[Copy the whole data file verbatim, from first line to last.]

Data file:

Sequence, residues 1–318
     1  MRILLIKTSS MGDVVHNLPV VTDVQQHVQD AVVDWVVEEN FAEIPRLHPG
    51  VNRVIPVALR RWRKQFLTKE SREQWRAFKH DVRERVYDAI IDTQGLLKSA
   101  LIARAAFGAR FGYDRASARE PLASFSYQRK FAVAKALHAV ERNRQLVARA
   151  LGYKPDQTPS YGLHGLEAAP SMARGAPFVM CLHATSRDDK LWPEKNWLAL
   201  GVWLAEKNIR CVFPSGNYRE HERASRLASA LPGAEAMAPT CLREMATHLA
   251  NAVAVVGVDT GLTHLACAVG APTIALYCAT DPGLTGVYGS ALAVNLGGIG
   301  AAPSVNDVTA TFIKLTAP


Sequence, residues 1–318
     1  MRILLIKTSS MGDVVHNLPV VTDVQQHVQD AVVDWVVEEN FAEIPRLHPG
    51  VNRVIPVALR RWRKQFLTKE SREQWRAFKH DVRERVYDAI IDTQGLLKSA
   101  LIARAAFGAR FGYDRASARE PLASFSYQRK FAVAKALHAV ERNRQLVARA
   151  LGYKPDQTPS YGLHGLEAAP SMARGAPFVM CLHATSRDDK LWPEKNWLAL
   201  GVWLAEKNIR CVFPSGNYRE HERASRLASA LPGAEAMAPT CLREMATHLA
   251  NAVAVVGVDT GLTHLACAVG APTIALYCAT DPGLTGVYGS ALAVNLGGIG
   301  AAPSVNDVTA TFIKLTAP